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40 years ago, cervical cancer was the leading cause of cancer-related death in American women. However, due to the increase in women who receive regular Pap smears, a method of screening for cervical precancer, the number of deaths linked to cervical cancer have dramatically decreased. Cervical cancer is a type of cancer that starts in the cervix, but it may also spread to other areas of the body. 

While all women are at the risk of cervical cancer, women over the age of 30 and who have been infected with certain types of human papillomavirus (HPV) – which causes the vast majority of Cervical cancers – are at a higher risk. Other risk factors include having HIV, smoking, using birth control pills for extended periods of time (more than five years), having given birth to three or more children, and having several sexual partners. 

Getting the HPV vaccine is the best way to prevent cervical cancer, and regular screenings can help detect any cancer or precancer early. The Advisory Committee on Immunization Practices (ACIP) usually recommends HPV vaccination for children ages 11 or 12 years, but it may be given as early as 9 years old. Catch-up vaccination is recommended for everyone through age 26. ACIP did not recommend catch-up vaccinations for those between the ages of 27 and 45 as most people have already been exposed to HPV this time, but those who are not adequately vaccinated may still be at-risk for HPV infection and may benefit from the vaccine after 26. As such, ACIP recommends shared decision making among patient and provider regarding HPV vaccinations between 27 and 45.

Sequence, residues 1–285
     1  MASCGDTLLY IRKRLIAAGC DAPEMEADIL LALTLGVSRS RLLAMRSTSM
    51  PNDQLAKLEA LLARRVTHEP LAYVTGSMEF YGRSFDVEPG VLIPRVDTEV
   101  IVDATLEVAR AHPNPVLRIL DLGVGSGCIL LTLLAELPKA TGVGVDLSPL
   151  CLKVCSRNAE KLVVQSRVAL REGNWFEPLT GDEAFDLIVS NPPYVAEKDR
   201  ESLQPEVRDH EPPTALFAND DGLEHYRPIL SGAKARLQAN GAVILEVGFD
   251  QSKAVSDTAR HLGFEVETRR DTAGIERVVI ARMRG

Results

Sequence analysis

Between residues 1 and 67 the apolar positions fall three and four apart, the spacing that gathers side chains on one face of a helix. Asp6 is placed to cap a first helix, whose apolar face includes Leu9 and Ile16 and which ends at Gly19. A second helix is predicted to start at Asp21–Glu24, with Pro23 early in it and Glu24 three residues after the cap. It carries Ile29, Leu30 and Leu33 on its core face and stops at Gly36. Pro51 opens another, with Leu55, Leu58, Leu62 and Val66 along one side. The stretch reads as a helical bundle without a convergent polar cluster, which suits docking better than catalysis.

Additionally, there are two screening tests to detect cervical cancer early: a Pap smear, which looks for precancerous cells in the cervix, and an HPV test.

The Carolina Cancer Screening Initiative aims to increase awareness around the importance of regular cervical cancer screenings as well as accessibility to screening methods in North Carolina, particularly in areas of the state that are medically vulnerable. To find out how you can be screened for cervical cancer, visit the CDC page on Cervical Cancer or the American Cancer Society Website.